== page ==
The final C17 Globemaster III airlifter built at the Long Beach assembly plant takes off Sunday November 29 Boeing Defense said over 1000 of its employees including many former C17 program workers assembled there to watch the departure

Boeing Bids Farewell to Final C-17 Transport Jet

Nov. 30, 2015
“End of an era” for Long Beach assembly plant as final military aircraft makes farewell flyover 279 aircraft built Proud, sad moment Integrated Sustainment Program goes on

Boeing Defense, Space, & Security staged a takeoff event for the final C-17 Globemaster III military airlifter to be assembled at its Long Beach, Calif., plant, on Sunday, Nov. 29, marking the official end of aircraft production there.

“This is truly the end of an era,” stated Nan Bouchard, Boeing Defense vice president and C-17 program manager. “It’s a sad day, but one that all of the Boeing employees and suppliers who have worked over the years building this great aircraft can be proud of.”

Boeing announced plans in 2013 to cease C-17 production and to end operations in Long Beach. It will continue providing technical support, maintenance, and upgrades to the C-17 fleet still in operation under the C-17 Globemaster III Integrated Sustainment Program (GISP) Performance-Based Logistics agreement.

The C-17 Globemaster III is a military transport aircraft, developed for the U.S. Air Force by McDonnell Douglas in the 1980s and in production since 1991. Records indicated 279 C-17s were built, for the USAF, the U.K.’s Royal Air Force, the Royal Australian Air Force, and the Indian Air Force. Boeing continued to produce the aircraft after its takeover of McDonnell Douglas in 1997.

C-17s perform strategic airlift missions (troop and cargo transport), as well as tactical missions, evacuation, and airdrop.

The last aircraft is destined for the Qatar Emiri Air Force. Hundreds of Boeing employees and former employees assembled to watch a fly-over at the Long Beach plant, as the jet took off for Boeing’s San Antonio location where it will remain until the delivery early next year.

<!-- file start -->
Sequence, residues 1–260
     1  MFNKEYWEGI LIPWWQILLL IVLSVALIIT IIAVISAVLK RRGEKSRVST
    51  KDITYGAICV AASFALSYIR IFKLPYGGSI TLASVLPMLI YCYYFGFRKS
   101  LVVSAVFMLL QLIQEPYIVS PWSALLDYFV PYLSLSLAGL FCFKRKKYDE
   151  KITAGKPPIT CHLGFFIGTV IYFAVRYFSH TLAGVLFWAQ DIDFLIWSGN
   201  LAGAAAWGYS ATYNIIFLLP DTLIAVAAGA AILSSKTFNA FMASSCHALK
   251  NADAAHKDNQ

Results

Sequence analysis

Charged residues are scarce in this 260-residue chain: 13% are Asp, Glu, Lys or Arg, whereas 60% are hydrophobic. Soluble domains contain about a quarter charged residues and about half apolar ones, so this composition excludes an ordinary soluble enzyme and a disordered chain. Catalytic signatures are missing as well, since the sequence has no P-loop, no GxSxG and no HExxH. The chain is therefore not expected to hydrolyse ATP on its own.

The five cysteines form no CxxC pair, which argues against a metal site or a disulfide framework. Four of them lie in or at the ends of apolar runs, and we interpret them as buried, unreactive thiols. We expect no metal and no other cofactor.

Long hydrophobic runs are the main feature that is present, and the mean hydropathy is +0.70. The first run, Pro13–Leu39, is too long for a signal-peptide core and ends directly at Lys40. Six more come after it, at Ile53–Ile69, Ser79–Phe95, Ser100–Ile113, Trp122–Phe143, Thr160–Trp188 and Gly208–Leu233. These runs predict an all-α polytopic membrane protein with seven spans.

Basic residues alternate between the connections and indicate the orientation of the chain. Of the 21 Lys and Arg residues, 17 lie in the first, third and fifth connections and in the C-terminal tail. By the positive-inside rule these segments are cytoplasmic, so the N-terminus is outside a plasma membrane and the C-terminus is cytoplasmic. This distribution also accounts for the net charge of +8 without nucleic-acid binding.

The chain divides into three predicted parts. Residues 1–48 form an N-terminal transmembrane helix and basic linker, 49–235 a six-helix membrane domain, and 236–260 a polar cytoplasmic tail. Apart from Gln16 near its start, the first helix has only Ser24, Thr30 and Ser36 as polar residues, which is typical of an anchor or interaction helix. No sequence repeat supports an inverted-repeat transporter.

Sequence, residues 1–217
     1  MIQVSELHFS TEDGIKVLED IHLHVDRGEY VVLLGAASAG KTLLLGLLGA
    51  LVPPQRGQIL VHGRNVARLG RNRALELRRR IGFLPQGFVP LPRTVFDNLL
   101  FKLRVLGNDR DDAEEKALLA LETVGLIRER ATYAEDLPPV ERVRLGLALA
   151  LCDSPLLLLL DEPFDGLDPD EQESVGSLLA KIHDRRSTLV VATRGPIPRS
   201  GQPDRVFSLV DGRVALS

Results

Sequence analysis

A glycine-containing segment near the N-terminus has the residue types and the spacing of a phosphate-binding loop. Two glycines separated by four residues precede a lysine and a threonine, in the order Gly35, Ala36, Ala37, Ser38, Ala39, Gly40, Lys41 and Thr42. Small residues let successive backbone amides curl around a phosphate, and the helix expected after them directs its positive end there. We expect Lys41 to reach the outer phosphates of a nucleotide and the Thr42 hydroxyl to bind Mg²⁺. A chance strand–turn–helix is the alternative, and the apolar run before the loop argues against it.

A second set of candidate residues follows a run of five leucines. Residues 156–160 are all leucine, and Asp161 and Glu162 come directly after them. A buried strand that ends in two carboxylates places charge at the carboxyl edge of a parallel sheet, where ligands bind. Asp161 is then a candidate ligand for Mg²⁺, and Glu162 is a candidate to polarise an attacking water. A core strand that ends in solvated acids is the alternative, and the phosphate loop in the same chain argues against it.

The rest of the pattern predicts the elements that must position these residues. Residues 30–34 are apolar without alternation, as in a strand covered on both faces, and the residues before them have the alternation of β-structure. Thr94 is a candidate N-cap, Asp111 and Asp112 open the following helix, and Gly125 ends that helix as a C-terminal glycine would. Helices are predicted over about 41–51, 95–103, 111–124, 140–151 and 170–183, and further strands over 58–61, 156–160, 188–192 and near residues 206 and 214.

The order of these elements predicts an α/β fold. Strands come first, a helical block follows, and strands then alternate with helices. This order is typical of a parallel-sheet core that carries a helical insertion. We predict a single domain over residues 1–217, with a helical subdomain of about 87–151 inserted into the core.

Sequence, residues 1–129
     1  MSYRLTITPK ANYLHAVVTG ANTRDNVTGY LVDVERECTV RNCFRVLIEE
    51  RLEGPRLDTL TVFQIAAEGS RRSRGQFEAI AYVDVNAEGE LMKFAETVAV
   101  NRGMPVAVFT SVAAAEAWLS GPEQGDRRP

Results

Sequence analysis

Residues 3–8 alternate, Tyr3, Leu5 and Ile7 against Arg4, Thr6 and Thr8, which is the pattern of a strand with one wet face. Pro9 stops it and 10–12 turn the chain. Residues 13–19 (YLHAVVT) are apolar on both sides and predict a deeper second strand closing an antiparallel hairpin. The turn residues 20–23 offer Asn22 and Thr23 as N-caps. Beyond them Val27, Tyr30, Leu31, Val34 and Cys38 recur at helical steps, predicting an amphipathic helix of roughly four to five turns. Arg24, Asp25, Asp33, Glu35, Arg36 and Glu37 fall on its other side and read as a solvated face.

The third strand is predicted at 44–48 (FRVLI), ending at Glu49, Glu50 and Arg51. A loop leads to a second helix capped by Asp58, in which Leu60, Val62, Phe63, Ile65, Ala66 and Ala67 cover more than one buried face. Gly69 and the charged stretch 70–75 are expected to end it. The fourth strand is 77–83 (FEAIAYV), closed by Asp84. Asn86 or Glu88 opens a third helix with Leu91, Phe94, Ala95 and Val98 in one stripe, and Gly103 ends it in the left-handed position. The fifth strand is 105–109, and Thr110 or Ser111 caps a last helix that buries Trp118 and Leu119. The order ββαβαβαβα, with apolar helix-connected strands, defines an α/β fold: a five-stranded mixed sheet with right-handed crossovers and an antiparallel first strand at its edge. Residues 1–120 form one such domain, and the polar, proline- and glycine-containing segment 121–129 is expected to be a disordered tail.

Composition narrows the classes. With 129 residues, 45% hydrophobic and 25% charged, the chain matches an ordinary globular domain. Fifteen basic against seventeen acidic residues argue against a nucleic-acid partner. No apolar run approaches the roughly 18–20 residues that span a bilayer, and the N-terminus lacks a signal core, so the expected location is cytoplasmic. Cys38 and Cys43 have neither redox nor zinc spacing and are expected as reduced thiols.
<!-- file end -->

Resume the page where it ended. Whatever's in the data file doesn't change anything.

The airlifter flew over a crowd and the facility before heading to the company’s San Antonio location, where it will remain until delivery to the Qatar Emiri Air Force early in 2016.

“Our team’s work and dedication and professionalism created one of the world’s leading airlifters, a plane that is at the forefront for providing humanitarian aid and has changed the way the U.S. Air Force and our international partners mobilize for operations and aeromedical support,” Bouchard said.

About the Author

Robert Brooks | Content Director

Robert Brooks has been a business-to-business reporter, writer, editor, and columnist for more than 20 years, specializing in the primary metal and basic manufacturing industries. His work has covered a wide range of topics, including process technology, resource development, material selection, product design, workforce development, and industrial market strategies, among others. Currently, he specializes in subjects related to metal component and product design, development, and manufacturing — including castings, forgings, machined parts, and fabrications.

Brooks is a graduate of Kenyon College (B.A. English, Political Science) and Emory University (M.A. English.)

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